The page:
Christmas, I fear, is the season when coffee-table books proliferate. These volumes, massive in cost and dimension, more closely resemble furniture than literature, but there are at least three of them in this season's holiday tonnage that I commend to your attention.
In The Super Bowl ( Simon and Schuster, $50), the publisher and the National Football League have combined resources to describe in words and pictures everything anyone could possibly want to know about this Brobdingnagian sporting event. There are complete statistics of all 24 games to date, rosters of all the players, albums of action photographs, and individual game stories by such polished sports journalists as Mickey Herskowitz, Ray Didinger, Kevin Lamb, Bill McGrane, Phil Musick and Shelby Strother. As befits a book of such impressive bulk, this one has both a foreword, written by Pete Rozelle, and an introduction, by veteran writer-editor John Wiebusch, and each bulges with Super Bowl trivia. For example:
?Ticket prices have gone from a top of $12 for Super Bowl I, held in 1967, to $125 for last season's XXIV.
?In Super Bowl I, CBS charged $85,000 for a commercial minute on television, and NBC, $75,000. In the forthcoming XXV, 30 seconds on ABC costs $850,000.
?Nine of the 10 top-rated television programs of all time have been Super Bowls, the only interloper being the final episode of M*A*S*H.
?Super Bowls I and II weren't. The championship game between the AFL and NFL wasn't even called a Super Bowl until game III. The name was inspired by Kansas City Chiefs owner Lamar Hunt's daughter, Sharron, who likened the game to the then popular bouncing Super Ball.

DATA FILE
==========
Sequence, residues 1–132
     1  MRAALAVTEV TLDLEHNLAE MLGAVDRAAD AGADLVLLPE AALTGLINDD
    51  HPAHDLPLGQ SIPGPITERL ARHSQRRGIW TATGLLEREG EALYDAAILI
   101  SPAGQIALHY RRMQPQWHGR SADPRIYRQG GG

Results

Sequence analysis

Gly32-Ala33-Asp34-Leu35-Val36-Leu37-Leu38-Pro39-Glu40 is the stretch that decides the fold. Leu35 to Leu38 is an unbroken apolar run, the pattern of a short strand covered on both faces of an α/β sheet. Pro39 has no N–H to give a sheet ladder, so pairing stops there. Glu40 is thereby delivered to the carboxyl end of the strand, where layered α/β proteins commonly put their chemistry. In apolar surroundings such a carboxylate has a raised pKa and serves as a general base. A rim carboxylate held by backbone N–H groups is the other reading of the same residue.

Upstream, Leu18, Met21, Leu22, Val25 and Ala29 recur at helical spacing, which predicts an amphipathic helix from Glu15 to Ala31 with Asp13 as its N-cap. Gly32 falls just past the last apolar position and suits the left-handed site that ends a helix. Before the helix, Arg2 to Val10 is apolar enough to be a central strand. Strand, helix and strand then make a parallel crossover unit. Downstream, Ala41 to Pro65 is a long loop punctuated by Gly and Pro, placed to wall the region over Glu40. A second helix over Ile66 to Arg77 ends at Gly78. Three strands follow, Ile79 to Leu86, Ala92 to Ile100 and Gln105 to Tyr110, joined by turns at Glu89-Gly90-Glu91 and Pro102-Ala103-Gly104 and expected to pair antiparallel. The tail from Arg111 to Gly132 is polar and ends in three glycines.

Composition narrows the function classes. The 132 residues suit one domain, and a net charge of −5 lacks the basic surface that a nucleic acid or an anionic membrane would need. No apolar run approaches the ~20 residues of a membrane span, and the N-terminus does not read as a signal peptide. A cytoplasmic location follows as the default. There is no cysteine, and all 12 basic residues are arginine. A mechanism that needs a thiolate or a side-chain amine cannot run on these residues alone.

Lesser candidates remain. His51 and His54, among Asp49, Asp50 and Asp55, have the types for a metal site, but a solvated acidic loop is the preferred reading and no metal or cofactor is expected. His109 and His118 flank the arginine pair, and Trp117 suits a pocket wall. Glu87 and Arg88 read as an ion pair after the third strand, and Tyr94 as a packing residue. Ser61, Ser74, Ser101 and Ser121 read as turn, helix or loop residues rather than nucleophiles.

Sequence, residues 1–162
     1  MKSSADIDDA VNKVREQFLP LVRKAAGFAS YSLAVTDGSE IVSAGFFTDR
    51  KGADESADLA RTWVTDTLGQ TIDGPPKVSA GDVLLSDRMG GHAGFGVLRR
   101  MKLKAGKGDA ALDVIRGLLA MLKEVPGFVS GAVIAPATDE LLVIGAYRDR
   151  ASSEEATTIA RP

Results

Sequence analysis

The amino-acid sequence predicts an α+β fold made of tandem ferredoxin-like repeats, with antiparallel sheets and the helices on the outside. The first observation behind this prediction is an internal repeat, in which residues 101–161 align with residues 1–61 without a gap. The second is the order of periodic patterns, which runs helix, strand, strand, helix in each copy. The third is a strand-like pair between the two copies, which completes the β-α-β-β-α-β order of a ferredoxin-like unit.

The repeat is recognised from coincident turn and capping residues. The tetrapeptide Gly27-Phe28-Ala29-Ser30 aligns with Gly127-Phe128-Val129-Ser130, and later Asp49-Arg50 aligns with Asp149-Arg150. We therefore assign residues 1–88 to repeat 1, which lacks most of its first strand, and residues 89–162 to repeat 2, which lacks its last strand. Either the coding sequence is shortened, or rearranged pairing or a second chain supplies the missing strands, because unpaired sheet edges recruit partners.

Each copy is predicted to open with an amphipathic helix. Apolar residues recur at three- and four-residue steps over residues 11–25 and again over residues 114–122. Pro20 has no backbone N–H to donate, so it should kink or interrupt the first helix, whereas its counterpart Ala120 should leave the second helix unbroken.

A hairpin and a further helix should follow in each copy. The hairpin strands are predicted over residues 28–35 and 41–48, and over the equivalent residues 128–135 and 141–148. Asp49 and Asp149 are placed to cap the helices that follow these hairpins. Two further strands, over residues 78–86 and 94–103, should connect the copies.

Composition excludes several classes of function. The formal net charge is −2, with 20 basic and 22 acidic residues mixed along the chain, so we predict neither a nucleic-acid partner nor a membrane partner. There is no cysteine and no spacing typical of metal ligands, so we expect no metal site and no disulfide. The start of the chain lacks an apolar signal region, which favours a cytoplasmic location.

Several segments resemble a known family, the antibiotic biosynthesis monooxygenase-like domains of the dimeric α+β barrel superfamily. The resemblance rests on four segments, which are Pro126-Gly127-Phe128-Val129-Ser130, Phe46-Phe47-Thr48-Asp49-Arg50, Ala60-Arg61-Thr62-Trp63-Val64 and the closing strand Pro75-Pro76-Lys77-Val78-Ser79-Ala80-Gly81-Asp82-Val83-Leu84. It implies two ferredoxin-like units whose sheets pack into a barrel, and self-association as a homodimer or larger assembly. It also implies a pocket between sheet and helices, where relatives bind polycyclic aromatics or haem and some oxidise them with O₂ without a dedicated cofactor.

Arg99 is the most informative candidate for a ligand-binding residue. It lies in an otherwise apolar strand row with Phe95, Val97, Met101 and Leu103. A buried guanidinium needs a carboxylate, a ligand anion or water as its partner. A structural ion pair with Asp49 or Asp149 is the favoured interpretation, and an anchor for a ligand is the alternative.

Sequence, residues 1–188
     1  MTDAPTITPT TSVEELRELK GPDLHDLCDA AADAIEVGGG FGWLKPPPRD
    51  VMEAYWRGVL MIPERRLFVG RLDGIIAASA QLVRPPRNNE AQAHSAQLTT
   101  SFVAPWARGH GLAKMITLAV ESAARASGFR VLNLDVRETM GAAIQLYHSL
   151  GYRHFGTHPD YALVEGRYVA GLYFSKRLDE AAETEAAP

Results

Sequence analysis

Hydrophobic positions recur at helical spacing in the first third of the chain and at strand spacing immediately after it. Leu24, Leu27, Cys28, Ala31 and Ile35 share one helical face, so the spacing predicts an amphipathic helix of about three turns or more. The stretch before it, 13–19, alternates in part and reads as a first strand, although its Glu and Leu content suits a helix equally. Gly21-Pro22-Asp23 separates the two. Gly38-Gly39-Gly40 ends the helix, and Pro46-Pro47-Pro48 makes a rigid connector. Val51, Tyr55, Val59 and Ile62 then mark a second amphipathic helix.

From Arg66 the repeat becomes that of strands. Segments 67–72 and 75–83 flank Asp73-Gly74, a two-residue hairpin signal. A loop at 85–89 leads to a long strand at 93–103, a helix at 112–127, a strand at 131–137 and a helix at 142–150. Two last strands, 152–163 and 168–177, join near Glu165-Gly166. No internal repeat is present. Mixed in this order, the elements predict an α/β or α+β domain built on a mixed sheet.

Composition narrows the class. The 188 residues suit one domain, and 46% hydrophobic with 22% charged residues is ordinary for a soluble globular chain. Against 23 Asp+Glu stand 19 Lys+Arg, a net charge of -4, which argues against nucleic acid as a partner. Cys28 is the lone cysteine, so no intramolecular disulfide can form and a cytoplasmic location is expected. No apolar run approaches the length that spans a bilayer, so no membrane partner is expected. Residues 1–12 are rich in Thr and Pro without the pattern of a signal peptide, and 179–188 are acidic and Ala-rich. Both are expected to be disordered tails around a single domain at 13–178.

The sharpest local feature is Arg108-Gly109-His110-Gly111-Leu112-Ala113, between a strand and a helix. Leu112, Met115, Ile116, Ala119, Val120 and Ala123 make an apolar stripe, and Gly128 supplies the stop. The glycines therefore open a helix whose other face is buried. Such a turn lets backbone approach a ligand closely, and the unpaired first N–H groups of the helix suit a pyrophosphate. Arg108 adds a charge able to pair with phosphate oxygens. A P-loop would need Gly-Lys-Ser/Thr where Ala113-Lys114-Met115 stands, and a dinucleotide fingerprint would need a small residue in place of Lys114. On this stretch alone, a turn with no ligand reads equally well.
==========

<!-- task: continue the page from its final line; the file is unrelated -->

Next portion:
?The games are rarely close. The average margin of victory for all 24 games is 16.9 points, and seven games have been won by more than 20 points.
And yet, writes Wiebusch, quoting the Reverend Norman Vincent Peale, "If Jesus were alive today, He would be at the Super Bowl." Or, like 750 million mere mortals in 60 countries, he would catch it on the tube.
Chess, to be sure, is quite a different sort of game, and in Chess: An Illustrated History ( Simon and Schuster, $35), Raymond Keene captures its cerebral essence in elegant prose and photographs. Keene, chess correspondent of The Times of London, and himself a grand master, traces the history of the game from its origins several millennia ago in India, where it was conceived of as "an oriental paradigm of battle," to the modern era of Kasparov and Karpov. The game has been transformed culturally from a "potent symbol of stylized battle for the chivalric classes" to an intellectual exercise for everyman, thanks in no small part to the Russians, who have dominated the game for the past 50 years.
This book has magnificent photos of opulent chess sets, of ancient games and modern champions, and of chess painting, notably by Daumier and Duchamp. And Keene's writing strikes a proper balance between the not necessarily opposing intellectual and military natures of the game. Read him on the decline of the Russian champion Boris Spassky: "His tournament results, his �lan quenched by [Bobby] Fischer's onslaught, are now littered with the debris of countless anodyne games.... Spassky is now a prime example of a once bold warrior converted to pacifism."